Posted: 24 August 2016

'How well do we support boys and young men who are victims of trafficking?'

We launched our Boys Don’t Cry report earlier this year. Boys Don't Cry looks at the issue of boys and young men who have been trafficked into the UK and who experience sexual exploitation. It looks at the scale of exploitation and the barriers to it being identified for this particularly vulnerable group, detailing the views of professionals who have a frontline or strategic role in this area.

Phil Brewer, who leads the Metropolitan Police's Trafficking & Kidnap Unit, shared his thoughts on the report.

I found Boys Don’t Cry a compelling read for a number of reasons.

I’ve had responsibility for the Met’s Trafficking & Kidnap Unit for two years, and in that time my team have investigated many allegations of modern slavery.

Each crime is different from the last. All leave you questioning how one human being could exploit another without any apparent regard for the serious injury & psychological damage they inflict.

I’ve seen first-hand the professionalism and dedication of NGOs; care professionals & law enforcement working together to support extremely vulnerable victims.

How well do we support boys and young men who are victims of trafficking?

But, sadly, that is not always the case. Boys Don’t Cry provides a ‘line in the sand’ moment to reflect on our approach to supporting boys and young men who are victims of trafficking.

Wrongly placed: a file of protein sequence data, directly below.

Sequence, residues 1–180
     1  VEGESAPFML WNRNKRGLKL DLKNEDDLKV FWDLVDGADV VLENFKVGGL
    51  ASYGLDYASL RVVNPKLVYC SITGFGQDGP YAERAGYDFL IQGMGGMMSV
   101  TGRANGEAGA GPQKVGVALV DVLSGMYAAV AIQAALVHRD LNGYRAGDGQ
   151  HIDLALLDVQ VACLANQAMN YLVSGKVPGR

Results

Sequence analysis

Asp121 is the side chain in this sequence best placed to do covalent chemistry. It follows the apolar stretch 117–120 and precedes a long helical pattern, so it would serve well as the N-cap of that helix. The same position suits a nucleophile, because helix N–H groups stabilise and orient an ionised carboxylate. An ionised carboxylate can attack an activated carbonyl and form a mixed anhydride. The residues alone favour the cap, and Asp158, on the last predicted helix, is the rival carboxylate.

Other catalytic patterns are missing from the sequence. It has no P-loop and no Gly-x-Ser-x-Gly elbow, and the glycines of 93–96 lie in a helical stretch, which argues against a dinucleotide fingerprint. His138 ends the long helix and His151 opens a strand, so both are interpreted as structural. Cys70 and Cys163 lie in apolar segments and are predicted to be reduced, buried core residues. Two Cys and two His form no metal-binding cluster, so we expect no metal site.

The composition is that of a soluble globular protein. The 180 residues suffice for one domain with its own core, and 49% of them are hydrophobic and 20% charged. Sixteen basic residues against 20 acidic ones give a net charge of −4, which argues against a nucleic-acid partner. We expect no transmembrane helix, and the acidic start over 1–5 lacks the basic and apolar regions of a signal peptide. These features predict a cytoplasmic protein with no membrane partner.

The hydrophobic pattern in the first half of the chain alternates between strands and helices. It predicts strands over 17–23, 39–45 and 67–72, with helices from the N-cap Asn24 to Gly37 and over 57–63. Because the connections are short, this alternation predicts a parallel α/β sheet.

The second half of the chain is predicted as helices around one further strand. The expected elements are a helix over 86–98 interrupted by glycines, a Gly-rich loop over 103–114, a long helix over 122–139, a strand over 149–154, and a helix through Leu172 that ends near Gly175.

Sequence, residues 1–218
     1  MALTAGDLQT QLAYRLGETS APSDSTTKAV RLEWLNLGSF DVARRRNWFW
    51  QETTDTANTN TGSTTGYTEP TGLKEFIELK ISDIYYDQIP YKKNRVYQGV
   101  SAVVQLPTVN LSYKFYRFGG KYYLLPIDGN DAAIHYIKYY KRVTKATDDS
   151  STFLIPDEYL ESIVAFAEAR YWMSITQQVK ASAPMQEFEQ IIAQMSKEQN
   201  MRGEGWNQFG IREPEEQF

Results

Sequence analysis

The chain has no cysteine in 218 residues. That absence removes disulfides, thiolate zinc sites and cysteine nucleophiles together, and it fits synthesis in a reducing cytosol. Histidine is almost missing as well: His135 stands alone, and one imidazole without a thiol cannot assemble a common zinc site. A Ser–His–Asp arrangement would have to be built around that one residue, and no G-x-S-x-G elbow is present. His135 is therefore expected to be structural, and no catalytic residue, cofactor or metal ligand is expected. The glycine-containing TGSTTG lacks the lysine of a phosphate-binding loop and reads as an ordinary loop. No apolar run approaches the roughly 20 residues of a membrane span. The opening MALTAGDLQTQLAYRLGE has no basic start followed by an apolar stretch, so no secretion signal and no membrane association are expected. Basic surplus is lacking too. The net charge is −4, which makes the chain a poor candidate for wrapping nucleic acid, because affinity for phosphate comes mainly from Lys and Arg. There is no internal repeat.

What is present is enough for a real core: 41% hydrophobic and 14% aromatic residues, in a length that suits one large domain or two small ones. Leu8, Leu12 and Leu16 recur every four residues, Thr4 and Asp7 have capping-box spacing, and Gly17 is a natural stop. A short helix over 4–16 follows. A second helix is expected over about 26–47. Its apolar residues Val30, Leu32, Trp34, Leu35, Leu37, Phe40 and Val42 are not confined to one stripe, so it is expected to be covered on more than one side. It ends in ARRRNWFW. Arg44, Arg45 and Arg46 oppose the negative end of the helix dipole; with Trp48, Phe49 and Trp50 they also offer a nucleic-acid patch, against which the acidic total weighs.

It has been my experience over the past two years that male victims often find it far more difficult to disclose their full story than girls or women. The report findings corroborate this view.

There is no one over-arching quick-fix or solution. Every victim has different needs; some may not recognise themselves as victims. Some do but are burdened with shame and are unable to disclose and so are not provided with the correct support. Others may seek help but the situation or indicators are misread, misunderstood or just missed by those they seek help from. There is much we can do to change this.

Knowledge and understanding are key

A victim must have trust and confidence in the whole system if we are to expect them to fully disclose.

Every agency and organisation involved in tackling modern slavery must work together to improve awareness, recognise potential indicators and take the correct action.

There is, without doubt, fantastic work already going on. The fact there are so many contributors to the report highlights the significant expertise already available. However, we need to build on this and ensure our collaborative approach to modern slavery is comparable to that of other crime types where vulnerability is a key factor.

Read Boys Don't Cry

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